A federal judge on Friday blocked enforcement of a new Mississippi law that bans abortion after a fetal heartbeat can be detected.
“By banning abortions after the detection of a fetal heartbeat, the law prevents a woman’s free choice, which is central to personal dignity and autonomy,” wrote Judge Carlton Reeves of the U.S. District Court for the Southern District of Mississippi, an Obama appointee, in a preliminary injunction.
The law “threatens immediate harm to women’s rights, especially considering most women do not seek abortion services until after 6 weeks [roughly the time at which a fetal heartbeat is first detected]” Reeves wrote. “This injury outweighs any interest the state might have in banning abortions after the detection of a fetal heartbeat.”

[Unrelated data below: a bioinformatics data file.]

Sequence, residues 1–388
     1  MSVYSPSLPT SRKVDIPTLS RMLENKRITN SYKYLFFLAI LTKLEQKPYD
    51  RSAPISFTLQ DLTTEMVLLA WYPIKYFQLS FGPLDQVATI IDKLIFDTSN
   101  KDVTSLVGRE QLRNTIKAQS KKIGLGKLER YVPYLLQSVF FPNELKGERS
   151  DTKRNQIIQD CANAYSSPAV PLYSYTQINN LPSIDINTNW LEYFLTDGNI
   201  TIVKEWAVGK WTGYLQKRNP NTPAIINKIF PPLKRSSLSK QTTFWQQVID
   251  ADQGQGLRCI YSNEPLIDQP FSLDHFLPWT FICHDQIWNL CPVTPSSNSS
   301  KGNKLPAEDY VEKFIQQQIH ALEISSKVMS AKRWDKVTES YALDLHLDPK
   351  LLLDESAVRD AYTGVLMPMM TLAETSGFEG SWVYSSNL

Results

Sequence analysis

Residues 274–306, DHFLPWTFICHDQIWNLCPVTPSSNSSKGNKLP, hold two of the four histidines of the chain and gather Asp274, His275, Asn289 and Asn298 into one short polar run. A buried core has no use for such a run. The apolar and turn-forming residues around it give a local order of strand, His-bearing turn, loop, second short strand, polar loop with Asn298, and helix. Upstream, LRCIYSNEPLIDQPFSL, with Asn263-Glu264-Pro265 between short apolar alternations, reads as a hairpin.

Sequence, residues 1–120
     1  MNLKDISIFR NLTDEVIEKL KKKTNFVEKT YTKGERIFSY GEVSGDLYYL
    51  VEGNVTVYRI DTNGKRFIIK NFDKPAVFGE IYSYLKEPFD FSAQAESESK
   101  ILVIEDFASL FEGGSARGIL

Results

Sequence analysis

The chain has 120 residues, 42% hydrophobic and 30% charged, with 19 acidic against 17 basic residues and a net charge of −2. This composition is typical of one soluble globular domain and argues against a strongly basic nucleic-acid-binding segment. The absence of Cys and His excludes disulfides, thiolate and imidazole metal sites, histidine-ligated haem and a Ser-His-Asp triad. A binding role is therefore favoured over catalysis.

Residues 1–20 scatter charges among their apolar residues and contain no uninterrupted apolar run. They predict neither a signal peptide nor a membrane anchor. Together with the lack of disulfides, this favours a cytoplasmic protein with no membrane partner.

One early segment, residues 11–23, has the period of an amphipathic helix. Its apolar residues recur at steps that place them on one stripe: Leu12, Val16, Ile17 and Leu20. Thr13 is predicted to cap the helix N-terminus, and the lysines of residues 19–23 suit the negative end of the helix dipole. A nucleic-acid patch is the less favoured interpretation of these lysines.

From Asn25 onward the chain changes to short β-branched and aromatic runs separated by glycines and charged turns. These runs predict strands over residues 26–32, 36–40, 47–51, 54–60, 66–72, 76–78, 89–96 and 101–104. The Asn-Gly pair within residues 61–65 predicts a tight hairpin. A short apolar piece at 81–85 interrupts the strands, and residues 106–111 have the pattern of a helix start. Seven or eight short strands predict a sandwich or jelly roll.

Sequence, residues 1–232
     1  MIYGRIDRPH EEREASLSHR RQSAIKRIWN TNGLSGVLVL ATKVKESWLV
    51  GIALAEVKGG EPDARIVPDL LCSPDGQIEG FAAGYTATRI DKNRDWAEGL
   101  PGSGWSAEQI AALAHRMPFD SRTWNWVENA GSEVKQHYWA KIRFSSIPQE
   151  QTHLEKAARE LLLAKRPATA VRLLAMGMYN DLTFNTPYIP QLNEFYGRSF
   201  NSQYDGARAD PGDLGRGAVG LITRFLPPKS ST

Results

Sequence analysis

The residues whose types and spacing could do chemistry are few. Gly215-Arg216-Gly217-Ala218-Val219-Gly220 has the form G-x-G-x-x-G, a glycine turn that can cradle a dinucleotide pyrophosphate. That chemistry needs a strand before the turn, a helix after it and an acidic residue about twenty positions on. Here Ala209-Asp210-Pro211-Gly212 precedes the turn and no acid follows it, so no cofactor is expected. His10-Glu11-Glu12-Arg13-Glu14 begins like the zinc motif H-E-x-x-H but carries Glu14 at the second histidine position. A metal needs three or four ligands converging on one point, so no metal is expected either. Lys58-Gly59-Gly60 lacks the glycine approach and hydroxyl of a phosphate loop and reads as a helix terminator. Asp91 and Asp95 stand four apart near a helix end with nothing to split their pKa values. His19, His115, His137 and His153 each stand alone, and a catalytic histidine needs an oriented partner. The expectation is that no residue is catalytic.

Mississippi’s stringent ban does not include exceptions for cases of rape and incest, but does include an exception for cases when the life or a major bodily functions of the mother are threatened. Doctors who perform abortions after a fetal heartbeat is detectable risk having their state medical licenses revoked under the law, which was set to take effect in July.
Georgia, Iowa, Kentucky, North Dakota, and Ohio have also recently passed bills banning abortions after only a few weeks, and Alabama passed a bill prohibiting the procedure at any point except when the life of the mother is threatened, the most restrictive such ban in the nation.
Pro-life advocates hope court challenges to the unusually strict state laws will eventually reach the Supreme Court, where a new conservative majority will consider overturning Roe v. Wade, the landmark 1973 case that legalized abortion nationwide.